Concise, critical reviews of books, exhibitions, and projects in all areas and periods of art history and visual studies
October 13, 2011
David Cast The Delight of Art: Giorgio Vasari and the Traditions of Humanist Discourse University Park: Pennsylvania State University Press, 2009. 272 pp.; 16 color ills.; 28 b/w ills. Cloth $95.00 (9780271034423)

If only Giorgio Vasari were as clear and straightforward as Nicolas Poussin. When the French theorist Paul Fréart de Chambray petitioned the artist for his definition of painting, Poussin replied: “It is an imitation made with lines and colors on some surface of everything that is seen under the sun, its end is delight (délectation)” (Lettres et propos sur l’art, Anthony Blunt, ed., Paris: Hermann, 1989, 174). Poussin’s response was deceptively simple, perhaps even coy in answering his somewhat pedantic interlocutor. Both doubtless understood delight to encompass, beyond sensual delectation, the goals of instruction and edification that had dominated humanist discourse on the arts, as assimilated from the theorizing of poetry and rhetoric since antiquity. In the extremely learned and expansive The Delight of Art: Giorgio Vasari and the Traditions of Humanist Discourse, David Cast confronts the opposite scenario. Throughout the Lives of the Artists, and especially in the three prefaces, Vasari maps out the teleology of the arts over the three periods (roughly centuries) his text encompasses, and then defines the technical and theoretical principles for measuring this development. Delight, sheer pleasure in looking and comprehending, is not one of these privileged criteria, and, indeed, so named, it hardly appears in Vasari’s myriad accounts of the impact and power of specific works. At some level—it goes without saying, and perhaps this is why it is unsaid by Vasari—an inherent sense of pleasure motivates the appreciation and wonder that works of art elicit, and this ultimately renders them worthy of the extensive commemoration of their making and their makers in the Lives. Cast aims to read beneath the surface and excavate this implicit aesthetics of delight from the text’s humanistic veneer, most evident in the three prefaces, that posits the arts of design as fundamentally intellectual exercises and, as such, instruments of virtue.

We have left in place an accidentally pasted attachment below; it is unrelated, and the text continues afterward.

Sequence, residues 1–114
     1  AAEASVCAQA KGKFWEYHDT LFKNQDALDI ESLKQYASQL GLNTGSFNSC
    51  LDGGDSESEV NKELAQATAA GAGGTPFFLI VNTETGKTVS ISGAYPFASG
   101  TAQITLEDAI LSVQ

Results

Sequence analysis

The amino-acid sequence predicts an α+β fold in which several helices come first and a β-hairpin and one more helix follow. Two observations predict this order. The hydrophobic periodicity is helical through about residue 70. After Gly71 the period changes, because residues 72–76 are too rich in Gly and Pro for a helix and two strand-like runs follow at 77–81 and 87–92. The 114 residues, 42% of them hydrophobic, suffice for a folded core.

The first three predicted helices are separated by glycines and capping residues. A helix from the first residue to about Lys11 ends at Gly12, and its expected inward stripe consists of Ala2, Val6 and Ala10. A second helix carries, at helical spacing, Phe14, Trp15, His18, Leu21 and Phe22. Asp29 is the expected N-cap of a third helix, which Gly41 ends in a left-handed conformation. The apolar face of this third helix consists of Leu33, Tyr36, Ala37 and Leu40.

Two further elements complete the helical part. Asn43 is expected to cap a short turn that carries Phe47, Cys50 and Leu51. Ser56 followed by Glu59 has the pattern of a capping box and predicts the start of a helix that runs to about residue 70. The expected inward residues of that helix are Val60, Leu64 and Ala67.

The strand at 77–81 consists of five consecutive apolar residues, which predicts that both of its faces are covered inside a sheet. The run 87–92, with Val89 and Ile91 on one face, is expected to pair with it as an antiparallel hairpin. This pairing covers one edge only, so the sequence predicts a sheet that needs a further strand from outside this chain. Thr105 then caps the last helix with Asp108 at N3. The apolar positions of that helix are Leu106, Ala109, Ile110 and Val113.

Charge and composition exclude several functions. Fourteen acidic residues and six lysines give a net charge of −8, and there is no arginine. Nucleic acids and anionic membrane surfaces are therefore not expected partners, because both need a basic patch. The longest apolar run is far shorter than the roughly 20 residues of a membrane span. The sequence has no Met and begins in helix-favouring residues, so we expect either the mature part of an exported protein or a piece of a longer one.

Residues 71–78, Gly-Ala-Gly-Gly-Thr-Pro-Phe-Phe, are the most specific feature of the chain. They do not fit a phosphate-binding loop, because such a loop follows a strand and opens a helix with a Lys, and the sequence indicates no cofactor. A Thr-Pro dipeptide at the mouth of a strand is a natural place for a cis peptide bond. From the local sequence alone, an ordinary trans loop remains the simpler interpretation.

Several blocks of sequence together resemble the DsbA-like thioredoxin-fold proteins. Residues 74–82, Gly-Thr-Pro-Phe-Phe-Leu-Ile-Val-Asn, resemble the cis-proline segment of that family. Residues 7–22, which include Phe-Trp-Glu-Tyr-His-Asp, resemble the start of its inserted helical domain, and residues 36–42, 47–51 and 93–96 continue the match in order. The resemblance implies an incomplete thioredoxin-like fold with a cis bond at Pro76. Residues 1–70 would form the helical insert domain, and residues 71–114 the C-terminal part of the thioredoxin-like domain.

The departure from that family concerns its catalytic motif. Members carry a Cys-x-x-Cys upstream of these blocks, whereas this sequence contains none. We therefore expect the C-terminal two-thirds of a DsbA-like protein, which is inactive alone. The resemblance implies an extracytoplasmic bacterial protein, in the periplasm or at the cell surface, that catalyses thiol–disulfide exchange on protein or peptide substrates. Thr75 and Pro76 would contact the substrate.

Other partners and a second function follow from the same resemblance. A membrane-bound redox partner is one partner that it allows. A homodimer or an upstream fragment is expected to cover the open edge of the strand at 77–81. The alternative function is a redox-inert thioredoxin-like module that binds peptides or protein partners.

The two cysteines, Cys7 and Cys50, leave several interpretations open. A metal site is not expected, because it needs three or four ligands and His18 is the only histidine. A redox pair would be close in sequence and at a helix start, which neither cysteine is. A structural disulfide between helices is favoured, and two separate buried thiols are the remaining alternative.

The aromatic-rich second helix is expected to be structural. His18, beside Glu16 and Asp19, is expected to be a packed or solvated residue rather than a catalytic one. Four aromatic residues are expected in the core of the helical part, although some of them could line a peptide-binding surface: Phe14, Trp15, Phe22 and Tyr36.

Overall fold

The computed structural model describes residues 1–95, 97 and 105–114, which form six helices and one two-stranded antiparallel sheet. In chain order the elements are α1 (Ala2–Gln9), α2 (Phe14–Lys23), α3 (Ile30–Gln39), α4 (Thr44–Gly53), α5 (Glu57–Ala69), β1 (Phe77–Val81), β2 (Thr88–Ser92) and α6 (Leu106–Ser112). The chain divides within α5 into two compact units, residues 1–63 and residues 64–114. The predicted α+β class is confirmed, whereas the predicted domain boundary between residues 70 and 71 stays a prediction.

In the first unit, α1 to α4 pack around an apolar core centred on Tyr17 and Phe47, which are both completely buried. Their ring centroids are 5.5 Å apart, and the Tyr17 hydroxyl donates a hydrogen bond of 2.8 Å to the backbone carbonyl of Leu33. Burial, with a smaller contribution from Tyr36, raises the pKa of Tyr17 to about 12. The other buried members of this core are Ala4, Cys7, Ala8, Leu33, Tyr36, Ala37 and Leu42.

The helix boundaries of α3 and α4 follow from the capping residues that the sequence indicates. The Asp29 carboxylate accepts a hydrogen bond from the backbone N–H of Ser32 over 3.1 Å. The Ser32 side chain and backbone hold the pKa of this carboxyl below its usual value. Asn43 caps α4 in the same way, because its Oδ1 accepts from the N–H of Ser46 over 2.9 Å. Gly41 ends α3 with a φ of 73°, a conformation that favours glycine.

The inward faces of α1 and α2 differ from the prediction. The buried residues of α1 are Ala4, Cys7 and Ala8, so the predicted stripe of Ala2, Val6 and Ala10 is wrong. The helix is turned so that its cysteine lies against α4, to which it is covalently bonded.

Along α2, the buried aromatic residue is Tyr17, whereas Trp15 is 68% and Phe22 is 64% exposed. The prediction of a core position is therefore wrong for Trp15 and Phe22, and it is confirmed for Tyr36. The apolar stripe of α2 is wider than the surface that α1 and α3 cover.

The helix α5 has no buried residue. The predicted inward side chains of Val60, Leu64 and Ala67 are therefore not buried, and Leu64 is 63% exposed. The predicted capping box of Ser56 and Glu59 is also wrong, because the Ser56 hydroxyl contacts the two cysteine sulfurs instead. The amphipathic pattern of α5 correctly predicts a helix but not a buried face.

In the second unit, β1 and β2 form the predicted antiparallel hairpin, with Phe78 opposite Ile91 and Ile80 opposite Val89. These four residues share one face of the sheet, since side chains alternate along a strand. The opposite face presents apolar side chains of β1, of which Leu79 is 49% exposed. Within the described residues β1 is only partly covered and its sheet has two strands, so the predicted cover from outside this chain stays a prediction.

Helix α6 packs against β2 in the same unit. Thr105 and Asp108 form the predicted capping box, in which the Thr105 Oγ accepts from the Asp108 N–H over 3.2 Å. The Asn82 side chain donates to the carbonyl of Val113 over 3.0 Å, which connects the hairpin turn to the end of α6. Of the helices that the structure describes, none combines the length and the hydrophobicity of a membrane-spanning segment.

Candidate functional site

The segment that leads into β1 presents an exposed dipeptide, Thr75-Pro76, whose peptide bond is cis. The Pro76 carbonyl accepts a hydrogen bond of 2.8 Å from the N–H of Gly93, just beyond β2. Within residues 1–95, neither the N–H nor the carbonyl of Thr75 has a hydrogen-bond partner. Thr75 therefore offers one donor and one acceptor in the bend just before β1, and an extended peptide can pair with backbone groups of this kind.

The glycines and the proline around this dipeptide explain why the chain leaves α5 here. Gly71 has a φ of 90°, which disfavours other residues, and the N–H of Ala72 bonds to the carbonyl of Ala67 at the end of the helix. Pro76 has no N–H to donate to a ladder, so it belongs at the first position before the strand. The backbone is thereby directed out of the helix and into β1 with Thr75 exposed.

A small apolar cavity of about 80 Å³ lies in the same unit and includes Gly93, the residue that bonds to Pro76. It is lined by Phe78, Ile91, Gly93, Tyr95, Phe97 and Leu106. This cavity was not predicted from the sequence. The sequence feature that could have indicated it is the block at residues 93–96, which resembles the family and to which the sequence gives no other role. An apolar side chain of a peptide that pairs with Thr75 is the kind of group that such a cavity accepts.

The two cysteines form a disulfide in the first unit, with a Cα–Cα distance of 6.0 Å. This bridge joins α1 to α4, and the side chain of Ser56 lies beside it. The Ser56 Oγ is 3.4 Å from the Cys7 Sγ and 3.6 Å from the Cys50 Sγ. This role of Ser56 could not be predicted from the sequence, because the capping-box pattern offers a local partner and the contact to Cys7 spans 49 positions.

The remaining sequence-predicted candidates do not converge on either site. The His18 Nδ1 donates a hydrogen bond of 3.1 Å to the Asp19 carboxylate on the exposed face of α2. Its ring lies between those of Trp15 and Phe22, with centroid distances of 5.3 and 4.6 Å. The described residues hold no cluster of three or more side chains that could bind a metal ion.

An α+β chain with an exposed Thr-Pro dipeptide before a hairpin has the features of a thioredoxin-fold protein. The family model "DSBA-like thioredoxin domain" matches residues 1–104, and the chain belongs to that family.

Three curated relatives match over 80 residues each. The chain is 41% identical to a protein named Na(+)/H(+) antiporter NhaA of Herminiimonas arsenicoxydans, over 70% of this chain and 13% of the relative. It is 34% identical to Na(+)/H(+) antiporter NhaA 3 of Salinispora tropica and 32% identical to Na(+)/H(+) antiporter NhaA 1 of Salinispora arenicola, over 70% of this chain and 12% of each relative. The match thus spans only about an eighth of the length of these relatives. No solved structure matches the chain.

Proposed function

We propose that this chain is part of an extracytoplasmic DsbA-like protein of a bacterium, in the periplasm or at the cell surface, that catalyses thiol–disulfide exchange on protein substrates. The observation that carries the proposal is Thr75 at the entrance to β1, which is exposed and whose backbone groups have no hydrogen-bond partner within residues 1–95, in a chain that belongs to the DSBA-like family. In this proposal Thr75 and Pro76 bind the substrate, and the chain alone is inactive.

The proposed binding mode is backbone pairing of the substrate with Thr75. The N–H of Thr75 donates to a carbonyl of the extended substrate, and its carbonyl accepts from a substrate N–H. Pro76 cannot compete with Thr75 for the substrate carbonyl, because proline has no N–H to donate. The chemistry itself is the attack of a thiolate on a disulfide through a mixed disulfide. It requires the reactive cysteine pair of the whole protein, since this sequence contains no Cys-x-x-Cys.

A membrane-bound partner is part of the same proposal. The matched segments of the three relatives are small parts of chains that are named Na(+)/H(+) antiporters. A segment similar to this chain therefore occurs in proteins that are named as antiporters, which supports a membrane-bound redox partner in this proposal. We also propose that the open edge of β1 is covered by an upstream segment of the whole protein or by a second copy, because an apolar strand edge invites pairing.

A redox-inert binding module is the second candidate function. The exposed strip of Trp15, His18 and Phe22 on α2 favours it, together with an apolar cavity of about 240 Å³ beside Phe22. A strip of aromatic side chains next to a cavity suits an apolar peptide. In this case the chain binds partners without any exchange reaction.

To achieve this, Cast undertakes a novel analytical approach to the text of the Lives, in essence “to read Vasari against himself,” as he put it in an earlier essay that previewed the book (“The Delight of Art: Reading Vasari Against Himself,” in Reading Vasari, Anne B. Barriault et al., eds., Athens: Georgia Museum of Art, 2005, 277–86). Given the claims the Lives would make for the professional status of the practitioners, and the dignity that literary commemoration itself accords human achievement, Vasari couched his narrative and artistic judgments in terms familiar to his collegial literary advisors, such as Paolo Giovio and, later, Vincenzo Borgherini, and the princes they served. Vasari propounded those rational qualities of artistic production that could be verified and measured through the consensus of public discourse, grounded in humanistic learning. Among these are the qualities of disegno, misura, maniera, etc., that Vasari defines at the critical crux of the Lives, the Preface to Part III, dividing the imitative proficiency of Quattrocento diligence from the stylistic refinements among the masters of the third age. Probing beyond the self-consciously theoretical and didactic passages, Cast compiles evidence from throughout the Lives that makes an ad hoc, and implicit, case for delight as a critical desideratum, fundamental to the appreciation and valuation of art, even if not explicitly formulated as such by Vasari.